----- Who's a proud Quebecer?
During the French debate, September 8, Justin Trudeau told BQ leader Yves-Francois Blanchet, “You keep forgetting, I am a Quebecer. I’m a proud Quebecer; I’ve always been a Quebecer; I will always be a Quebecer.”
That is not quite true.
Although he has represented the Papineau, Quebec, riding since 2008, according to the CBC, he sold his house in Quebec and moved to Ottawa in 2013. In May, 2018, he voted in Ontario's provincial election.
Unlike his Quebec constituents, as a legal resident of Ontario, he would have a fully portable Ontario health insurance (OHIP) card.
Thus, when he visits a physician in Ontario or any other province, unlike his Quebec constituents, he is not expected to pay out-of-pocket, and await partial reimbursement. He must know that since 1984 Quebec has been violating Section 11 of the Canada Health Act regarding portability, but he, like all previous prime ministers and federal health ministers, has done nothing to enforce the federal law, even though it would greatly benefit his “fellow Quebecers” -- who must feel like second-class citizens when they seek medical care outside Quebec.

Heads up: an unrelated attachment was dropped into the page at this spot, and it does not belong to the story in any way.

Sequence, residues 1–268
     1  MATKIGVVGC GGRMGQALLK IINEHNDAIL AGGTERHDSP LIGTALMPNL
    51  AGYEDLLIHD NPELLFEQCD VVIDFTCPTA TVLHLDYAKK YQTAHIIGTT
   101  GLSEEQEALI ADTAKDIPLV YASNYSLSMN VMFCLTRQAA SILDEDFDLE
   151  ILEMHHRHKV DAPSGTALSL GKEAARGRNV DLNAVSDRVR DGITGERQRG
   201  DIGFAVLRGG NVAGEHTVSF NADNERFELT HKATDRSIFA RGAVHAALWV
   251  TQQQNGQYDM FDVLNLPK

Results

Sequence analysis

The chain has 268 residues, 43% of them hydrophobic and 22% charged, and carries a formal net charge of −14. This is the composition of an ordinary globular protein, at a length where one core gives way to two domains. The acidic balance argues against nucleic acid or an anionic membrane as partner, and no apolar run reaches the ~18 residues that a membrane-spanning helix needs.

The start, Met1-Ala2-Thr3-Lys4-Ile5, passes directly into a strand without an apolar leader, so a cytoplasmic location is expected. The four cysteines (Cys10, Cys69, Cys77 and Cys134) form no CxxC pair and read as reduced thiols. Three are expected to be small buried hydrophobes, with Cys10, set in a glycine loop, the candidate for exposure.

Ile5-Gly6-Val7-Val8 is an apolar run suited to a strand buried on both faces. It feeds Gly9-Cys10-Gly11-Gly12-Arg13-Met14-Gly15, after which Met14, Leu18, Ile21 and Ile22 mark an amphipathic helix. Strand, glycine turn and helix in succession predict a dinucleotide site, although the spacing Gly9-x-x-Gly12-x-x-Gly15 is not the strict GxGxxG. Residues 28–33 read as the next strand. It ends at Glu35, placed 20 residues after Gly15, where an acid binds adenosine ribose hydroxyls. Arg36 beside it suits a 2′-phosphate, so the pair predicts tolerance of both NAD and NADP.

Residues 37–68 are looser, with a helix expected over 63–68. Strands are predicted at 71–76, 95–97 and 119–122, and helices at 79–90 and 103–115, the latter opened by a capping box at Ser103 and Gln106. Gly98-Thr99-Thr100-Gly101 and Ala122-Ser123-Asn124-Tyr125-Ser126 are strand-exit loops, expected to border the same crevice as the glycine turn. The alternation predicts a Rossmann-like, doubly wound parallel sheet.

This can occur when West Quebec patients require treatment in Ottawa, but also when all Quebecers needs urgent, unexpected care while on vacation or a business trip elsewhere, or during the first three months of a permanent move to another province, when they are “covered” only by a Quebec medicare card that few non-Quebec MDs will accept. (I believe) this is more significant to the average Quebecer than whether a private clinics are allowed to exist in their province.
Charles S. Shaver, MD